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«New luxury: from Uber luxury to Lux populis», theme of inspiration, of Maison&Objet of March 2022

«New luxury: from Uber luxury to Lux populis», theme of inspiration, of Maison&Objet of March 2022


Under the banner of New luxuries: between Uber luxe and Lux populis, the March 2022 Maison&Objet show will focus on this captivating and resolutely topical theme.

Such is the direction in which the brazenly buoyant luxury sector is heading, exploring new paths that draw on haute-couture artisan craftsmanship and high technology on the one hand, and pop culture and the values of inclusivity on the other. This new phenomenon has served as inspiration for the upcoming edition of Maison&Objet, underpinned by the desire to showcase the very best of design.

Hopebird, design Jaime Hayon.

Maison Dada.

“When people come to Paris, it is to tap into an expertise and this one-of-a-kind lifestyle, which can be found nowhere else”, explains Philippe Brocart, the trade fair’s General Manager. Vincent Grégoire, trend hunter at international style and innovation consultancy NellyRodi, offers his own insight into this increasingly strong craving for luxury: “in uncertain times, people feel the need for something different, the need for emotions and experiences, the need to push fantasy to its limits.”
Time to decipher this two-pronged trend.

Abissal, Vista Alegre.

Uber luxury
All that’s precious, prodigious, outstanding! Uber luxury marks a marriage between fine crafts and new technology, with the latter relentlessly enhancing the artistic dexterity of the hand, giving rise to a form of luxury that has one foot rooted in the past and the other firmly in the future, where beauty has no limits.
The result: Rolls-Royce’s Phantom Oribe, created in collaboration with Hermès and ordered by a Japanese billionaire; the vertiginous Dujiangyan Zhongshuge bookstore in the Chinese city of Chengdu, a veritable hall of mirrors designed by architectural firm X+Living and its brilliant founder Li Xiang; the success of designers whose limited edition furnishings border on art. In the increasingly visionary design world, designers are developing materials hand-in-hand with physicists, incorporating threads of silk, copper and LED into fabrics, whilst settees are morphing from simple seats into fully connected objects. What’s more, the waiting lists are growing ever-longer for these exclusive objects of desire.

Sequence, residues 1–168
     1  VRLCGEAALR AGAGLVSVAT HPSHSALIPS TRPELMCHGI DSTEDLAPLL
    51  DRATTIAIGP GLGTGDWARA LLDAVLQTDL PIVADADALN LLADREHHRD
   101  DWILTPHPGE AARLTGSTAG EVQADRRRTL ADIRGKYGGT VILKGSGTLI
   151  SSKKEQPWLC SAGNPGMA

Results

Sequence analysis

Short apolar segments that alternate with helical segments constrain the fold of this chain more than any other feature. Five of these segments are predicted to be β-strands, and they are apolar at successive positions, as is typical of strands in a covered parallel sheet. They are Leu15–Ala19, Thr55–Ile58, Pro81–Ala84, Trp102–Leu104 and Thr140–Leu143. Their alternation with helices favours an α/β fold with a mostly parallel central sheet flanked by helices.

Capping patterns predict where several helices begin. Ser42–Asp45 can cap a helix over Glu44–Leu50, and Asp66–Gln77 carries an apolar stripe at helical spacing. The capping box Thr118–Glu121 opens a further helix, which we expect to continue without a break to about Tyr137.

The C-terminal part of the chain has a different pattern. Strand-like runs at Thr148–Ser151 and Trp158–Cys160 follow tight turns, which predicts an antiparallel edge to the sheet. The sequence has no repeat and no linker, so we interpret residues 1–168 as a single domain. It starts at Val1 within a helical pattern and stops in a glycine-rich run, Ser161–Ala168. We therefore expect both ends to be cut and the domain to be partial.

The ultimate luxury? Heading straight for the stars by blasting off on one of Virgin Galactic’s commercial space flights, or spending a night in the first-ever space hotel dreamed-up by an American start-up. Watch this space, as the doors are set to open in 2027!

M101 Pendant light, Henri Bursztyn.

 Mira tables, Maison Dada.

Lux populis
“Pop Culture and Pop’litical”. It is with these two words that Vincent Grégoire sums up this new luxury trend that draws inspiration from the world of street culture, driven by a generation raised on a diet of reality TV, Instagram, TikTok and gaming. It is a trend that, at times, sees luxury being imbued with a retro vibe: watchmaker Tag Heuer has, indeed, joined forces with Super Mario for a limited edition piece; Gucci has dreamed up a capsule collection featuring manga character Doraemon; Leblon Delienne has revamped Mickey Mouse; superstar Virgil Abloh has signed a limited edition graffiti-covered concrete furniture collection; and the “masterchefs” seen on TV are becoming the cooking world’s superstars, with the likes of Jean Imbert now joining the Plaza Athénée.

Mickey Sparkling by Thomas Dariel, Leblon Delienne.

Then there’s Dom Pérignon, who has launched a collaboration with Lady Gaga; or Louis Vuitton Homme whose recently unveiled advert stars its latest ambassadors, Korean band BTS, superstars of the K-Pop scene. Not forgetting limited edition trainers that fly off the shelves at sky-high prices; or the success of street artists Banksy and JR whose popularity continues to grow, taking their art from the streets into collectors’ homes worldwide.
In short, it is luxury seen as a colourful, joyful, yet socially responsible celebration.

Toucan Collectión by Lladró.

At Maison&Objet
Echoing these emerging trends, at the March fair the premium selection will be concentrated in hall 7’s appropriately named “Signature” section, bringing together the industry’s most creative brands and designers. This zone, which will complement the ever lauded uniqueness of the Craft, métiers d’art sector in hall 5A, is set to host a number of exceptional events:
• Maison&Objet invites The Invisible Collection, the first online destination of exceptional designs created by the stars and young talents of contemporary interior decoration. In the beautiful set created by Emilie Bonaventure, The Invisible Collection presents its vision of responsible luxury and superior craftsmanship by showcasing the furniture and objects that will be tomorrow’s iconic designs.